During the mid-semester break, myself and five other ANU law students were lucky enough to head to Sydney to take part in the Law Society of NSW’s inaugural #Innovatelaw2018 Hackathon competition held in conjunction with the Legal Forecast.
What is a hackathon you ask? We had no idea either. In fact, before meeting at the Jolimont centre on our way to Sydney, nobody in the team had ever even met! However, after the whirlwind experience that the last few months has been I am so grateful I had the opportunity to discover what a hackathon was and take part.
Basically a legal problem-solving competition, legal hackathons are designed to bring together legal minds in collaboration with tech experts and designers to think about what our world will look like in the future, and what ‘innovation’ means in a legal context.
Taking place over three days, our first night in Sydney was spent meeting practicing lawyers, development professionals and other experts in legal tech before being presented our problem by representatives of the NSW Supreme Court. Simply, how can we improve people’s access to interpretation and translation services in the court system?
We then spent Saturday and Sunday in our windowless, fourth-floor meeting room in the city centre, brainstorming and developing our product, ‘InterpretNOW’, we ultimately would pitch to a team of judges. Assisted by a constant stream of interested mentors from across the legal world, slowly everything came together. By Sunday afternoon our “minimum viable product” was ready to go. Just like the problem, our solution was also simple. Our team, hACTivate, had developed an Uber-esque platform designed to connect working interpreters with potential clients in real time, and as fast as possible. Utilising video-conferencing or an availabilities-based system that meant clients could request nearby interpreters to be brought into the courtroom, we designed our platform to plug some of the current holes in the system in relation to accessible interpretation services.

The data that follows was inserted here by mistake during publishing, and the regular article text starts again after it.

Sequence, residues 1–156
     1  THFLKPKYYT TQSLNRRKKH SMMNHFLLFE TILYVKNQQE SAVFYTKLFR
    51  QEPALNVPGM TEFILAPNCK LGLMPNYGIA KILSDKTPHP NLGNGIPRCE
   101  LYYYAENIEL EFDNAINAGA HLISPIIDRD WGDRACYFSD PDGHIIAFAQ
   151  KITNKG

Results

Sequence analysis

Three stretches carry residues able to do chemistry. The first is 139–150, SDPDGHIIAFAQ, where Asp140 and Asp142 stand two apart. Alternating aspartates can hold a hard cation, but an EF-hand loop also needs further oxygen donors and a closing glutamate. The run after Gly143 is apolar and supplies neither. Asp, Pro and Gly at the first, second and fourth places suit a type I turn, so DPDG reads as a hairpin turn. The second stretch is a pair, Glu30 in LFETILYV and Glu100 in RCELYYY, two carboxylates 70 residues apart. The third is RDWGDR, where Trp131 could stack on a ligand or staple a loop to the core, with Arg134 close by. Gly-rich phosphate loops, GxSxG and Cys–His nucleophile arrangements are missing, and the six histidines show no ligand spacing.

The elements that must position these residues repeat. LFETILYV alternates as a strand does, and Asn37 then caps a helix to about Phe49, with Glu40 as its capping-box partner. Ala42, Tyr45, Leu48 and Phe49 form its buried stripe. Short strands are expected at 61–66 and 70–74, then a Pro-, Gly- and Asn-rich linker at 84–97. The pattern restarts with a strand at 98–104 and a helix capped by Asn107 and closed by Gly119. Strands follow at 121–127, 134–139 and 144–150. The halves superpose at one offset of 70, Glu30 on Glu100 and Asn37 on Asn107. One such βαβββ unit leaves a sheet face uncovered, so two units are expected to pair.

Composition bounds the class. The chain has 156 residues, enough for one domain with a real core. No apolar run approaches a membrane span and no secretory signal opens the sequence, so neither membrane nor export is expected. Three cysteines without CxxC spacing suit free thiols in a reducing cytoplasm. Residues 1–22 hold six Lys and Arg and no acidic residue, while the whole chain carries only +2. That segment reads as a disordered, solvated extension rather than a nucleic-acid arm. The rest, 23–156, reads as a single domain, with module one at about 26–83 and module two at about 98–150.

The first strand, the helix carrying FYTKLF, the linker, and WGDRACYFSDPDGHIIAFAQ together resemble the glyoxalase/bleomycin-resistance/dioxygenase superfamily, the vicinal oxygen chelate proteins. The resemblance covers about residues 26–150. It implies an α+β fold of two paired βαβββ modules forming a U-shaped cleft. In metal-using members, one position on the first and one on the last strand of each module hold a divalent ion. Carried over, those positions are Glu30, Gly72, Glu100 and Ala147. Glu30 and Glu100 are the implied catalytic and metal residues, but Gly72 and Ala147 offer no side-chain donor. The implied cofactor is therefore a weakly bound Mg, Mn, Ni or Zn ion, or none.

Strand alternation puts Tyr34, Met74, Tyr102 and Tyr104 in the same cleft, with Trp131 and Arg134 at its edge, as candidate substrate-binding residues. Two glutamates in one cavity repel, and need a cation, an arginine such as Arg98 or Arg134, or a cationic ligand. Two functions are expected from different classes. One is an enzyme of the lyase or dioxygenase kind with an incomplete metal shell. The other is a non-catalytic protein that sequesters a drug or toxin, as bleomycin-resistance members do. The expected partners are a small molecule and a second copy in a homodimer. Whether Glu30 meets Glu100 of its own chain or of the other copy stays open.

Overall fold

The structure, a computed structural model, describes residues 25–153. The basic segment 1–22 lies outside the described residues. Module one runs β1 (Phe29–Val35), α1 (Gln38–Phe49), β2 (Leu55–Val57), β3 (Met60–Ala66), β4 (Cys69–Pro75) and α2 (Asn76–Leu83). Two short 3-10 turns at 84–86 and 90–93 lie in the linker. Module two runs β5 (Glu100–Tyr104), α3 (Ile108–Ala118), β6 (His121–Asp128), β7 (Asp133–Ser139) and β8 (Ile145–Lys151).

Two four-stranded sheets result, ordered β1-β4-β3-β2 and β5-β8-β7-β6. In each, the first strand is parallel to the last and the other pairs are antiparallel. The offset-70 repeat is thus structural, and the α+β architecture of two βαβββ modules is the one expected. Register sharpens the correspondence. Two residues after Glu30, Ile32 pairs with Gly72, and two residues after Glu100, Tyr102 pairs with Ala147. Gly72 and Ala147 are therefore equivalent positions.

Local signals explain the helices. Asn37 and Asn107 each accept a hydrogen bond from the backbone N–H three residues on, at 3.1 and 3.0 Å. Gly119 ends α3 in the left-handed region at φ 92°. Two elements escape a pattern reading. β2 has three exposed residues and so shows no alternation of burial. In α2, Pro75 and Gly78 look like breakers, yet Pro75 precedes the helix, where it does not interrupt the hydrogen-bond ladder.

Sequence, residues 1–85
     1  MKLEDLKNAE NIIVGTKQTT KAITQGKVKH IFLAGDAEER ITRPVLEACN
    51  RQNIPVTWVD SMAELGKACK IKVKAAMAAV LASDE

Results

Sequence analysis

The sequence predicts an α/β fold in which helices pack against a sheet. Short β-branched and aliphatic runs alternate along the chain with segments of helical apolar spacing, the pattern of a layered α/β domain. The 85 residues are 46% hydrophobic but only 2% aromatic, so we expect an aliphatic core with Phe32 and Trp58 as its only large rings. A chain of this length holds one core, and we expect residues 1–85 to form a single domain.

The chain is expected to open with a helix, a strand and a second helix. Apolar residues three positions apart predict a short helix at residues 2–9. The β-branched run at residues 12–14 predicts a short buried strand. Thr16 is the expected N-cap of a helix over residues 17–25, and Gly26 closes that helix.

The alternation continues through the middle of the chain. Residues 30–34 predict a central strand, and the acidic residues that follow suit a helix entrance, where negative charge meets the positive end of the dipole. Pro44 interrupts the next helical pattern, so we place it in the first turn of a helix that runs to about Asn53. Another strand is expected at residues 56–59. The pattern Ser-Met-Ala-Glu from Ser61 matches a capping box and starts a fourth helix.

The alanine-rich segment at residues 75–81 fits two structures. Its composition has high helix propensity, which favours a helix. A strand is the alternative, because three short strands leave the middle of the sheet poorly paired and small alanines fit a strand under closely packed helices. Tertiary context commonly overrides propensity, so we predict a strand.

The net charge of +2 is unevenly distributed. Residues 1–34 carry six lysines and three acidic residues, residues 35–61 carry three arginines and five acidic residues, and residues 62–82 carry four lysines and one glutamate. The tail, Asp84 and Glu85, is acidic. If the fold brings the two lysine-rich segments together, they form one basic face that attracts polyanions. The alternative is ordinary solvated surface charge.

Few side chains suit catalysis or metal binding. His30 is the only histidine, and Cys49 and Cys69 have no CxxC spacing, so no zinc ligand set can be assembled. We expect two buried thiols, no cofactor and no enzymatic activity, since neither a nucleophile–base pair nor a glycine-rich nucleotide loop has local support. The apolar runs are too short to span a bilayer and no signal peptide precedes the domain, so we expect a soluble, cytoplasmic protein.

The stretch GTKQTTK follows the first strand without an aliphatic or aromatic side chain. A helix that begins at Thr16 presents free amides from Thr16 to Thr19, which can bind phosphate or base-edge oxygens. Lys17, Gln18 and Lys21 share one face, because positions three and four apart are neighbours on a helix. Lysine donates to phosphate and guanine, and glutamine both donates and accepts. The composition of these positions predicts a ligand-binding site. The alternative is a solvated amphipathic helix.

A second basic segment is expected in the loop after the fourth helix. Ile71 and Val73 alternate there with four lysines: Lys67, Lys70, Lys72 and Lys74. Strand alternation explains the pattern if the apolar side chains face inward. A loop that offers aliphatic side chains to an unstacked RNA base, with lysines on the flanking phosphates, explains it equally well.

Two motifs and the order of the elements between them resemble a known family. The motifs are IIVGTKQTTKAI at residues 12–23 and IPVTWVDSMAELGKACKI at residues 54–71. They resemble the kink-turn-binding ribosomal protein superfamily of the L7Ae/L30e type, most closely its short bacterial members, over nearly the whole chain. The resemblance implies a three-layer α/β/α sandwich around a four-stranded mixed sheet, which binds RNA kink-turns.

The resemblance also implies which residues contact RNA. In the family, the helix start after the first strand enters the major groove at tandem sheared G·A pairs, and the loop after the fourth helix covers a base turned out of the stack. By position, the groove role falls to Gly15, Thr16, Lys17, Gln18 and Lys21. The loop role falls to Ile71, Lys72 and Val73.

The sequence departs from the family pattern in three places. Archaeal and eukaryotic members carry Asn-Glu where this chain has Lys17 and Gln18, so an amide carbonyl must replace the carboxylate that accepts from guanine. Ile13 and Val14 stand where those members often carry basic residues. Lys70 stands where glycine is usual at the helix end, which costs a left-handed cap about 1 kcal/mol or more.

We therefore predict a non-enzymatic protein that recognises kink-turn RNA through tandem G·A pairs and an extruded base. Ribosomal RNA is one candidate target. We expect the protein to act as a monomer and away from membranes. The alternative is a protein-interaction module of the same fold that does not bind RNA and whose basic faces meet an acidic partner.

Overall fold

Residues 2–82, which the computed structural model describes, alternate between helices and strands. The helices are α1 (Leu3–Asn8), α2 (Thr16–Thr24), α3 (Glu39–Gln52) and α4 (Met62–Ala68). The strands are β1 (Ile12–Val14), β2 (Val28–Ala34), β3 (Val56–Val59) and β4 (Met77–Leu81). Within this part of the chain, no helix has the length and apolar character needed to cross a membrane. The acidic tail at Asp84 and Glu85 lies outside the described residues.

After pitching in front of all the other teams and our panel of judges, it was amazing to learn we were one of two teams chosen as finalists. This meant that this hackathon experience did not end that weekend; as finalists we were invited as a team to the NSW Law Society’s FLIP Conference to pitch again in front of more industry professionals.
While up until this point I had always thought about either becoming a lawyer or looking towards policy-centred opportunities after law school, the FLIP conference particularly opened my eyes to the fact that the legal industry is changing and there are so many opportunities I wouldn’t have ever even thought to consider.
We had the opportunity to meet and talk with law firms and legal start-ups about how technology and the law were being brought together and how, as young people, we are going to be entering a world vastly different to the one we recognise from our studies. While I am still not sure whether this new legal world is exciting, a little scary or a mixture of both, it was an amazing feeling when we took the stage to pitch InterpretNOW alongside so many creative legal thinkers.
Following the conference was the most exciting (and unexpected) part of all – the announcement at the big FLIP awards dinner that hACTivate won the Innovatelaw 2018 NSW Supreme Court challenge. None of us knew what to say, but it was a great feeling to have our ideas listened to by such interesting people.
My biggest lesson from the whole hackathon experience is that words like ‘innovation, technology and design’ can seem so scary at the beginning, but our success was all about teamwork and collaboration.
While I am unsure about InterpretNOW’s future, I know the whole ANU hackathon team is excited about the opportunities that may follow. Particularly, I would love to be involved in running similar initiatives here at ANU. Even though it sounds cheesy, #Innovatelaw2018 showed us all that the future is coming, and that students can and definitely will play a key role in shaping it.
Anneka Atley is in the second year of a Bachelor of Arts / Bachelor of Law (Honours) double degree.